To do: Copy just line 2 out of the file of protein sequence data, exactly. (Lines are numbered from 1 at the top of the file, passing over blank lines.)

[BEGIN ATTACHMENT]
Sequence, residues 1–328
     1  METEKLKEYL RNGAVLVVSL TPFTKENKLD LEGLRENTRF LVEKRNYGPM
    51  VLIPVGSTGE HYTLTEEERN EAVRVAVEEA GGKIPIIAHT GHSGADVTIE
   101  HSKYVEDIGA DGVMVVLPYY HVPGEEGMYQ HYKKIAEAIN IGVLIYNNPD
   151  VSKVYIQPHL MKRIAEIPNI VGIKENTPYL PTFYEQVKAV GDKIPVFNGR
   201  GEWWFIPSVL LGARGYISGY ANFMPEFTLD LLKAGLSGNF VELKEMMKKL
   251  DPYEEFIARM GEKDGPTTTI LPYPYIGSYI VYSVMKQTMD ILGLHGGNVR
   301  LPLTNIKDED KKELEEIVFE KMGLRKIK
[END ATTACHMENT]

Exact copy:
     1  METEKLKEYL RNGAVLVVSL TPFTKENKLD LEGLRENTRF LVEKRNYGPM